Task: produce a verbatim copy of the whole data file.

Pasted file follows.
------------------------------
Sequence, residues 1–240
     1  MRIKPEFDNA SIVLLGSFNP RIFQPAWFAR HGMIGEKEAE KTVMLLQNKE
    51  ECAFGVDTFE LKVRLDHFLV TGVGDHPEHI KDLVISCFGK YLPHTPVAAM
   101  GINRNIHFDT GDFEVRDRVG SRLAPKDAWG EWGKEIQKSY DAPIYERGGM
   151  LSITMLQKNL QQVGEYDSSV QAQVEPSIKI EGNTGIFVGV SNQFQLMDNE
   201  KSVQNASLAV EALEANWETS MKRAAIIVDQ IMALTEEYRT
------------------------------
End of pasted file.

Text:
Sequence, residues 1–240
     1  MRIKPEFDNA SIVLLGSFNP RIFQPAWFAR HGMIGEKEAE KTVMLLQNKE
    51  ECAFGVDTFE LKVRLDHFLV TGVGDHPEHI KDLVISCFGK YLPHTPVAAM
   101  GINRNIHFDT GDFEVRDRVG SRLAPKDAWG EWGKEIQKSY DAPIYERGGM
   151  LSITMLQKNL QQVGEYDSSV QAQVEPSIKI EGNTGIFVGV SNQFQLMDNE
   201  KSVQNASLAV EALEANWETS MKRAAIIVDQ IMALTEEYRT